She went out in the morning and was fine, got in the truck and was fine, and after we came back to the truck after talking to the shipper she was in pain. Her paw was fine but her front ankle would make her scream if you touched it. Now we all know that Texas is a wimp and screams if she gets a sticker in her foot so the scream of pain did not make us panic. What did scare us is that she could not put any weight on it, and then the swelling started. We were not in a situation where we could run and find a vet so we had to do the best we could. First was ice packs and Texas being Texas handled this just fine and laid on the bed with a pained expression her face. Even Squeaky the kitty was concerned and did not tease her like he is prone to do when she is least expecting it. Texas weighs in about 90 lbs. and lifting her out of the truck was not an easy task but that is what we had to do. Within 24 hours the pain had gone down and she was able to put a little weight on her leg but we continued to ice her ankle and to rub liniment on the joint. By the third day and we were finally unloading she was recovering and doing pretty good.

Texas wrapped leg

We were still babying her by not letting her jump at all and no ball playing the swelling was going down and she was able to walk without much of a limp. We were thrilled with her quick recovery and Squeaky is back to teasing her. Life is good again in the truck with our pets.

Two Lane Highways

Two Lane Road

This past two weeks I spent a lot of time driving on desolate two-lane highways.  What I enjoy is the desolation and a different type of driver. It seems as if when there is not a cell signal and very little traffic people become more courteous. Drivers give a friendly wave and move to the side so others can see to pass. I was enjoying my ride when a car came up behind me and since we were in a split speed limit state I was driving slower than they their posted speed limit. As I saw a pull off approaching I turned on my turn signal, slowed, and then pulled off to let them pass and then pulled back onto the road behind them. What a surprise when I saw them flash their tail lights at me in the same manner trucks do when thanking each other! What a relaxing drive as there was not the stress of the interstate as everyone jockeys for the best position at others expense so they can arrive first.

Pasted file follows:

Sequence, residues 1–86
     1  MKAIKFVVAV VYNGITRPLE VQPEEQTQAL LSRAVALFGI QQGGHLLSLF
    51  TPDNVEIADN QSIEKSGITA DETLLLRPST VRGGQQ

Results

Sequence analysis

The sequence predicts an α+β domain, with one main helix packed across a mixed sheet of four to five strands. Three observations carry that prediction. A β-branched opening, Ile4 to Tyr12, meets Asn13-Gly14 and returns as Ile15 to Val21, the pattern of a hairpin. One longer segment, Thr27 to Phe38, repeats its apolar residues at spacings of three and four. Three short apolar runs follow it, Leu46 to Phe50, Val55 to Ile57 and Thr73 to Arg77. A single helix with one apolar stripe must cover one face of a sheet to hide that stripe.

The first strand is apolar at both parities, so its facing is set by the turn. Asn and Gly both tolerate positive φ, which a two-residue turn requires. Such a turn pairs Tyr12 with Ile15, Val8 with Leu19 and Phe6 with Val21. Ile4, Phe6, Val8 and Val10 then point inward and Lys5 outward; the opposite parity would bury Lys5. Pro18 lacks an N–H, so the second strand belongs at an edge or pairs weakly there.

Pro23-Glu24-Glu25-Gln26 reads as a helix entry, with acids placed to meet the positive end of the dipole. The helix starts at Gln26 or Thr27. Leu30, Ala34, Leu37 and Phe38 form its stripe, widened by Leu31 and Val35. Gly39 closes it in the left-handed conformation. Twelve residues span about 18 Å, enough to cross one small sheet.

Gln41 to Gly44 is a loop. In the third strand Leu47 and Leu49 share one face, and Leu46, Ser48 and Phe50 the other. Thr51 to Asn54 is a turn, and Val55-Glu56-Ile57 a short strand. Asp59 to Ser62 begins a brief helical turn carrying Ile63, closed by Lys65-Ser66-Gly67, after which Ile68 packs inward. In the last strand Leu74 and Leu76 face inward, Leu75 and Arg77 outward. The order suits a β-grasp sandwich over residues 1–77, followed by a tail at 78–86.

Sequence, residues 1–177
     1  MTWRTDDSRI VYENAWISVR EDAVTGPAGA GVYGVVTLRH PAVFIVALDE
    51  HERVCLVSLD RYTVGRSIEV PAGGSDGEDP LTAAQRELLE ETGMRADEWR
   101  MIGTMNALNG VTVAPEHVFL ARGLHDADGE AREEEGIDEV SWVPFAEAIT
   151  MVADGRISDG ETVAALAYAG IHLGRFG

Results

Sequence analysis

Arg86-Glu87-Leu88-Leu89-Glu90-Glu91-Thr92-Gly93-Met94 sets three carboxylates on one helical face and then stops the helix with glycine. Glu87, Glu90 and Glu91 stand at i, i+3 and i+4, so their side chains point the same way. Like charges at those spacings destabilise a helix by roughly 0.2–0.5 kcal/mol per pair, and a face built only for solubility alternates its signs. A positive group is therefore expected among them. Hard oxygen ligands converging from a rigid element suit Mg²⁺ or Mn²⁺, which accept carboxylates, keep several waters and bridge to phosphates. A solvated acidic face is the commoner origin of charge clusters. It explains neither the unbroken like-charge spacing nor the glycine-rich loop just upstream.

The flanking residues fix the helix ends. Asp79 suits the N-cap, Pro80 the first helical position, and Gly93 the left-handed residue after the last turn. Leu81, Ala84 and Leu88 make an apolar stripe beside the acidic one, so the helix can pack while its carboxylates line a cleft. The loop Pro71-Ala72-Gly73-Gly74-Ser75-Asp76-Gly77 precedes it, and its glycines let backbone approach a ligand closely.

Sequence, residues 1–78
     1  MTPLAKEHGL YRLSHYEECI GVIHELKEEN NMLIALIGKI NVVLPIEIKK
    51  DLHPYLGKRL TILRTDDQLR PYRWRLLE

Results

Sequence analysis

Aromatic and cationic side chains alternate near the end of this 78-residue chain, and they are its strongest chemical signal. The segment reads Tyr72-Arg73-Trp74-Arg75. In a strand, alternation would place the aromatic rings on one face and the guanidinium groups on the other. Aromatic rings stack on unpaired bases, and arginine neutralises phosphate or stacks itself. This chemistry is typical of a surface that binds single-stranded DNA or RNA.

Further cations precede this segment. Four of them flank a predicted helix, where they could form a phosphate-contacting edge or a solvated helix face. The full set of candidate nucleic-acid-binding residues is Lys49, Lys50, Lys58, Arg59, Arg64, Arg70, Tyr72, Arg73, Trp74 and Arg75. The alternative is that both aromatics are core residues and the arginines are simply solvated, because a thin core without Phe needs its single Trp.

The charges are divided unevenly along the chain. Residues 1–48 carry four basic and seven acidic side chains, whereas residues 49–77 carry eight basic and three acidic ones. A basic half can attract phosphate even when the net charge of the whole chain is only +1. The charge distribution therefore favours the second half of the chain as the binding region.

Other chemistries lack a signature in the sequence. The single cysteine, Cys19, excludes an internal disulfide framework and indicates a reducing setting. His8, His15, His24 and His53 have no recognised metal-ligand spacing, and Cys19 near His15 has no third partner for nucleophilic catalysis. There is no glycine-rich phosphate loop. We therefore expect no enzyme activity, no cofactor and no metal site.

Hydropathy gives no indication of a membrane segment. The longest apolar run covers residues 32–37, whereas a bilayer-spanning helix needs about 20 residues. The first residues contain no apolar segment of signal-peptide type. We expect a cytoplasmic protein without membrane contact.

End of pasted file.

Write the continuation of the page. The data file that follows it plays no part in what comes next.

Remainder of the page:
Always Interesting

We have been in Expediting for fourteen years, and as I reflect back and really think about all that has happened, we cannot help but feel blessed. The saying is very true the harder we work, the luckier we get.

Wishing you safe travels. Till next time,

       Bob & Linda.

See more from Bob and Linda at their Team Run Smart blog "On the Road with Bob and Linda Caffee"

Commercial Driver Expediter

Linda Caffee

About Linda Caffee

Bob and Linda started their driver careers after their children left home for college in 2000. Bob started as a driver for a large motor carrier with Linda as a rider. They decided to enter the Expedite industry as team drivers in 2005. Both, Bob and Linda have had their Class A licenses since the early 80's starting out driving in the oil field and hauling grain as fill in drivers where Bob worked as a diesel mechanic. Linda worked at the local country courthouse in data processing. Bob and Linda have become industry leaders by sharing their use of new technology and techniques to improve performance and living standards while on the road.